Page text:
Tips for Child Custody Disputes in Greenville, NC

It is important to make your child custody agreement into a legally binding document when dealing with divorce. The Greenville, NC family attorneys at Irons & Irons P.A. want to help you figure out which child custody legal document best suits your individual needs.

There are two common ways to memorialize custodial arrangements – separation agreements and court orders.

Separation Agreements

Separation agreements are the most common way to create a parenting plan in child custody cases because they are the least expensive way to handle a divorce. With this agreement, you can address all the issues incident to divorce. This includes child custody, child support, post-separation support, alimony, equitable distribution, attorney fees, and any other claims incident to divorce can be solved in a separation agreement.

Court Orders

Another form of legal document that people use in child custody cases is a court order. At the end of a child custody trial, the judge can enter a court order. From here, parties can also enter into consent orders by filing a friendly complaint at the courthouse and having their family attorneys draft a consent order for custody.

When deciding which document is better for you and your circumstances, it is important to look at more than price and legal fees. The two factors you should look at most when comparing the two are enforceability and modifiability.

Enforceability

With a separation agreement, you have to file an action for breach of contract for it to be enforced. This can get complicated with child custody cases. If one party violates a provision in the contract, then the party seeking to enforce the separation agreement would have to file an action for breach of contract. However, the forms of relief are limited. All the court can really do is tell the parent not to do that anymore. There are no strong penalties that come with a breach of contract in a seperation agreement.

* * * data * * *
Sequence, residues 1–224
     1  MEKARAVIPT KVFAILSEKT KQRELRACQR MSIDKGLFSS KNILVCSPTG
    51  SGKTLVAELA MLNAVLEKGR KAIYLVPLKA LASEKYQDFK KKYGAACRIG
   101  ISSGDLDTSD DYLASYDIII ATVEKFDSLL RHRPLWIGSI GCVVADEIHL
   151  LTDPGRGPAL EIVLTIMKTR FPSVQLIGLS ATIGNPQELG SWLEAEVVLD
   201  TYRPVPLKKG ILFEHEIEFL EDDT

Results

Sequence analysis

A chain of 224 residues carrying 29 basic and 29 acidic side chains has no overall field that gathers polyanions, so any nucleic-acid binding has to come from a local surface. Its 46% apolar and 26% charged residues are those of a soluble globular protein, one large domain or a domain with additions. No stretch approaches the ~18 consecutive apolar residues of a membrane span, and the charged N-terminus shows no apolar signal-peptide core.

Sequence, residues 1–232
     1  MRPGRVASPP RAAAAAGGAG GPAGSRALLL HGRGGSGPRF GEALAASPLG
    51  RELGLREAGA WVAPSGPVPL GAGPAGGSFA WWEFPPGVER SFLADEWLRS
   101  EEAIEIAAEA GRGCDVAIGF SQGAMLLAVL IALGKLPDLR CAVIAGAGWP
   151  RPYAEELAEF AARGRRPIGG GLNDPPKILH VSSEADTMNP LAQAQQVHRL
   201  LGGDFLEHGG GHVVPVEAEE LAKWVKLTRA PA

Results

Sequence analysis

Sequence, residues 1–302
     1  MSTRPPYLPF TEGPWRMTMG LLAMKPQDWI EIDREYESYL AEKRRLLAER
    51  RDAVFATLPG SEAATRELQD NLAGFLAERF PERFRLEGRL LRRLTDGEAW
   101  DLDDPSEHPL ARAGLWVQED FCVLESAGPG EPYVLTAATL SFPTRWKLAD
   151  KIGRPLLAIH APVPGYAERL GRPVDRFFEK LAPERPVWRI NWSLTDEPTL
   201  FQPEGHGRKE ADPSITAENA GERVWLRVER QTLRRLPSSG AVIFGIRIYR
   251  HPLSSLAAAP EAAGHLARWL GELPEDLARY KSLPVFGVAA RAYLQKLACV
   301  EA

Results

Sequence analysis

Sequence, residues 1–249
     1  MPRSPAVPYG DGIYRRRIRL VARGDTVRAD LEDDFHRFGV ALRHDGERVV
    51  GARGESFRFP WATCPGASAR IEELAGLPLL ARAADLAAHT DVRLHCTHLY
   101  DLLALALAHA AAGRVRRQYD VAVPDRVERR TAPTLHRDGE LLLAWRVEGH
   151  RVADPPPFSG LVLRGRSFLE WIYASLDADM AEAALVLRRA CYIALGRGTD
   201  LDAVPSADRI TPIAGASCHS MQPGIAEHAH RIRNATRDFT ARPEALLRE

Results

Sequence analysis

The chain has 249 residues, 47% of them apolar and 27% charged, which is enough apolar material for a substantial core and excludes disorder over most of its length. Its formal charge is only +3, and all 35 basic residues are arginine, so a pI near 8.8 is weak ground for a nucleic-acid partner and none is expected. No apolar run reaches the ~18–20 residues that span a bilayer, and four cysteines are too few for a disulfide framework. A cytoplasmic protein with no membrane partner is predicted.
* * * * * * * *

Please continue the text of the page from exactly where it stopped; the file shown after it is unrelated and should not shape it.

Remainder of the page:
On the other hand, a court order is enforceable by contempt of court. This enables the party trying to enforce that same sort of situation the ability to file a motion to show call and an action for contempt. The court has remedies available for court orders, including the ability to reprimand the party that’s in violation of the agreement, to fine that party monetarily, or to incarcerate the party. So, court orders provide penalties that you don’t have with breaches on contract in separation agreements.

At Irons & Irons P.A., we encourage our clients to file a friendly court action and enter into a consent order for custody, as opposed to doing a separation agreement.

Modifiability

Separation agreements and court orders also have different levels of modification available. At Irons & Irons, the family attorneys recently dealt with a case that had a modifiability issue with a separation agreement. In the case, a mother and father spent thousands of dollars working out a parenting plan in a separation agreement. The separation agreement was supposed to be incorporated into the divorce decree on the date of the entry of the divorce judgment, but that never occurred. So, when the time came for the divorce filing, one party rejected the other party’s motion to incorporate the separation agreement. The court cannot incorporate a separation agreement unless it has the unqualified consent of both parties at the time that the separation agreement is being introduced or at the time that the party is moving to have it incorporated. Because of this disagreement, the court could not incorporate the agreement. Therefore, the court had to look at the best interest of the children to make a decision, because this is the legal standard used in child custody cases. Here, the court couldn’t consider or give any weight to the parent that had custody under their separation agreement. So, the court had to hear the case as a matter of first impression and had to consider the circumstances existing at the time of the filing.

Separation Agreements versus Court Orders

From the example, you can see that separation agreements have less authority and power than court orders. If the parents, in this case, created a court order, the party challenging the order would have had to prove that there had been a substantial change of circumstances affecting the welfare of the minor children, since the entry of the prior order. So, there is more of a burden than the “best interest of the children” standard that you find in separation agreements.

For these two reasons, our Greenville, NC child custody attorneys at Irons & Irons P.A. want to encourage you to consider drafting a court order rather than a separation agreement.

Legal Assistance for Your Marital Separation

If you are facing a divorce and or a child custody dispute and would like legal assistance, please contact the Greenville, NC Family Law Firm of Irons & Irons P.A. by visiting contacting us online or calling 252-215-3000. Attorney Gib Irons looks forward to helping you determine the best solution for you and your family.

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